Top Businessmen and Athletes Use This Mindset to Survive
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Can you recall the first time you participated in a competitive sport of your choice? Can you recollect that sense of competing against your classmates on the playground in elementary school or in your backyard against an older sibling?
Were you jittery or boisterous? Are you ecstatic or apprehensive?
It was all of the above if you're anything like me. When I first started out as an entrepreneur, I felt the same way.
There was a lot of anxiety at first. This was quickly followed by a surge of exhilaration.
After years of researching the mindsets of great executives and professional sportsmen, I learned that they all have one thought in common that helps them overcome all odds (you can adopt this mindset and do the same).
As a die-hard NBA fan, I despised whenever my Golden State Warriors faced a Los Angeles Lakers squad led by Kobe Bryant. That's because I knew Kobe had a fanatical desire to win.
To win, I knew Kobe would have to out-train, out-hustle, and out-will his opponents.
Kobe also possessed the mental toughness to outsmart any opponent. That's because he spent hours studying his opponents on film, something that few of his contemporaries were willing to do.
I knew Kobe wouldn't be weary and sluggish heading into every game my Warriors played against the Lakers since he partied the night before (something I couldn't claim about my Warriors at the time).
Steve Jobs, the co-founder of Apple, used a similar approach to business as Kobe did as a basketball player. Jobs was a hard worker who put in long hours every day.
He was known to work from 7 a.m. to 9 p.m. every day. As a result, he outworked both his opponents and his own employees.
Both men were so determined to succeed that they frequently chastised members of their own team who they believed had the necessary work ethic to help them win — while also demanding that they perform better. Because of these motivational techniques, both leaders were able to lead their teams to the top of their respective sectors.
The most successful athletes and business people recognize the value of a solid team when it comes to guiding their enterprises to victory. They also understand how to get the most from their teammates.
It doesn't matter if you're as vociferous as Bryant and Jobs. Whether it's having a more upbeat and encouraging attitude, as future NBA Hall of Famer LeBron James and Microsoft co-founder Bill Gates are known for, strong performers in both business and sport know how to motivate their teams to achieve their objectives.
Whether you're a 5'3 point guard attempting to break into the NBA or the CEO of a startup on a shoestring budget hoping to give Amazon a run for its money, you undoubtedly share the same competitive resilient mindset as the world's most successful entrepreneurs and athletes.
Entering any arena of play in which you are clearly at a disadvantage needs a lot of courage. Despite the odds being stacked against them, many great sportsmen and entrepreneurs succeed in their areas by harnessing their competitive tenacity as fuel.
NFL running back Tarik Cohen and FUBU founder/Shark Tank executive producer/panelist Daymond John are two examples of competitive grit generating success despite the odds.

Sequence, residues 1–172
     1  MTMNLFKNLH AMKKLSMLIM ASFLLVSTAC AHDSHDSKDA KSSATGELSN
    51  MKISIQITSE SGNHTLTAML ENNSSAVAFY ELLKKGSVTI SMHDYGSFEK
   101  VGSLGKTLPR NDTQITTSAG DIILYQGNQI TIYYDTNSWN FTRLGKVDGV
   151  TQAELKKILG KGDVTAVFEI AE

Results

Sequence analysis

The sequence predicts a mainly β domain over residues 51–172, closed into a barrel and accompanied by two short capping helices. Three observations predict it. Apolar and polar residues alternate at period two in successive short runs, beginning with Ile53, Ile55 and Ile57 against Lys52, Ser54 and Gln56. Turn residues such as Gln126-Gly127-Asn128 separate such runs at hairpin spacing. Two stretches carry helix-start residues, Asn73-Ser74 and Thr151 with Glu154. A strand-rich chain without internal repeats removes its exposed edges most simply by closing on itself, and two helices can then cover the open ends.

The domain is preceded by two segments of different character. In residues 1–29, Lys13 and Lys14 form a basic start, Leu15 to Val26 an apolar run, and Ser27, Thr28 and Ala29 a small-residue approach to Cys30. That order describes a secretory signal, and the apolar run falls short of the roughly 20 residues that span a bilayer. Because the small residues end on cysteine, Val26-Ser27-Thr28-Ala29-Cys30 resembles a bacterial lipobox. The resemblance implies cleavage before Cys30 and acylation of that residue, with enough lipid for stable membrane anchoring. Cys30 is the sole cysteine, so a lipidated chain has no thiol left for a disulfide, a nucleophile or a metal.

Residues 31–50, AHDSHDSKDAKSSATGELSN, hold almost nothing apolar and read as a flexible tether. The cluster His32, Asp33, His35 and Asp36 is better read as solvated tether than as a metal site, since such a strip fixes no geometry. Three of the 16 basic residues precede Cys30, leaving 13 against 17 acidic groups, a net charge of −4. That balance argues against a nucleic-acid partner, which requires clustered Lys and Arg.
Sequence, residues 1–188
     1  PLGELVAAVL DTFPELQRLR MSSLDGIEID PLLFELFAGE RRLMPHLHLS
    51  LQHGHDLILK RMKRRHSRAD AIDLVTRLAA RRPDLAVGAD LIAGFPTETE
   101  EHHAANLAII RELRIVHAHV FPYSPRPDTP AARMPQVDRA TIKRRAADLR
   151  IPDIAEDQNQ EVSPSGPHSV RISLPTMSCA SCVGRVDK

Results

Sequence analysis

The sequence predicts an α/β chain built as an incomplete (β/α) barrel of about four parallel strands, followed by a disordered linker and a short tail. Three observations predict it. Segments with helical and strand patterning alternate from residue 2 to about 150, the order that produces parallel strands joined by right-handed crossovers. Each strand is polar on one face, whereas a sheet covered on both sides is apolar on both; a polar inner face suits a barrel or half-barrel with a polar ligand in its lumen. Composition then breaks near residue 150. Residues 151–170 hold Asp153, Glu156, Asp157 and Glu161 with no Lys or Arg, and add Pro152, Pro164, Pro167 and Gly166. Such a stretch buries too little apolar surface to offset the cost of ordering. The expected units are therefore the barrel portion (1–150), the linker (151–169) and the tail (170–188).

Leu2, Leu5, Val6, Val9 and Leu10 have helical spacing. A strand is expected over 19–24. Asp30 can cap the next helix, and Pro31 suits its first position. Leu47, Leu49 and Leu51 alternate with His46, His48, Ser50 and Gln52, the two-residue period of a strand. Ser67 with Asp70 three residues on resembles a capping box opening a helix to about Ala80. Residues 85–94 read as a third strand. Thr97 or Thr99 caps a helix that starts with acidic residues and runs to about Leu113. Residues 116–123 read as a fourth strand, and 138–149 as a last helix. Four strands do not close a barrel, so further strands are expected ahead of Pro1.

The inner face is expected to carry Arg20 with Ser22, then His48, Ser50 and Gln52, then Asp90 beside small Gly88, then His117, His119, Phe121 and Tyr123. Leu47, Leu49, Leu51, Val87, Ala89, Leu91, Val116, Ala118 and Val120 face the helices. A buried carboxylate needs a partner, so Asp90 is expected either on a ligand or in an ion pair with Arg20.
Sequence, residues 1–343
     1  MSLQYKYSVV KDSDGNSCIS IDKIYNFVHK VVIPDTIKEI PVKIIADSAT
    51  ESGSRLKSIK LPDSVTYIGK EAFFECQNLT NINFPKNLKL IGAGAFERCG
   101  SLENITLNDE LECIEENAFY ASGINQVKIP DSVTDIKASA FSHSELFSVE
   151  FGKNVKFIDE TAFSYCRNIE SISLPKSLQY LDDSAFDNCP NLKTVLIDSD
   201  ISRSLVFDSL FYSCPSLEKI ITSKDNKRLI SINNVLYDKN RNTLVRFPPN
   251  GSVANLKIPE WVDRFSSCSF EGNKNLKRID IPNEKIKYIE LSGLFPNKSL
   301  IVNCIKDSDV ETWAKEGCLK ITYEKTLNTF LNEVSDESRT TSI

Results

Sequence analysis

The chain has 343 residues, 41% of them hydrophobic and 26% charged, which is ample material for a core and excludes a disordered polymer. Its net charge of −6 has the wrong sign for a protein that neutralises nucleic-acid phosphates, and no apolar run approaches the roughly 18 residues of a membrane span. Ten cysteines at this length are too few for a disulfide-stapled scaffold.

Cohen is now the shortest player in the NFL, at 5'6 and weighing 179 pounds. Despite his tiny stature and coming from a small college, Cohen was named to the All-NFL first team in 2018 (and made the NFC Pro Bowl).
Only the top players in the NFL are given this accolade.
Daymond John has a David vs. Goliath story as well. After noticing a lack of clothes tailored to hip hop culture, John founded the clothing business FUBU in his Queens, NY living room, creating tie-top hats on a $40 budget (yes, that's right, FUBU was founded with just $40!).
The tie-top hats were sold on the streets of New York for $10 each by John and his childhood pals Carlton Brown, J.Alexander Brown, and Keith Perrin. The clothing line that John had hoped existed – became a reality that he developed as a result of their hard effort.
Today, John is a $350 million serial entrepreneur, and FUBU has made more than $6 billion in sales globally.
How can competitive resilience be used as a source of energy?
Whether you're a beginner golfer set to play a round on the course against a seasoned pro who has won many tournaments, or the owner of a small-scale t-shirt firm aspiring to be the next Ralph Lauren or Rosalia Mera. Competitive resilience can be used as fuel to help you overcome any worries or obstacles you may face on your journey as an entrepreneur or athlete.
"The art of competing is the art of forgetting," Nike co-founder Phil Knight wrote in his book Shoe Dog. You must set aside your limitations.
You must set aside your reservations. Your anguish.
Your history. Not one more step, your inner voice screams and begs. And if you can't ignore it, you'll have to bargain with it."
Competitive resilience is merely a state of mind. The conviction that no of your size, status, resources, or opponent's size, you can achieve your goals.
It's the enthusiasm to take on whatever task you're enthusiastic about with the confidence that no one but yourself can stop you from achieving your goals.
Nobody can match the late, great Kobe Bryant's height or athleticism. We can't all be as bright as Steve Jobs, either.
However, we may all adopt their competitive and resilient outlook on life. It's not necessary to have a Mensa-level IQ or to have won the genetic lottery at birth.
The only cost is your time and effort in achieving your objectives. Which is a price we can all afford – and one that is well worth the investment.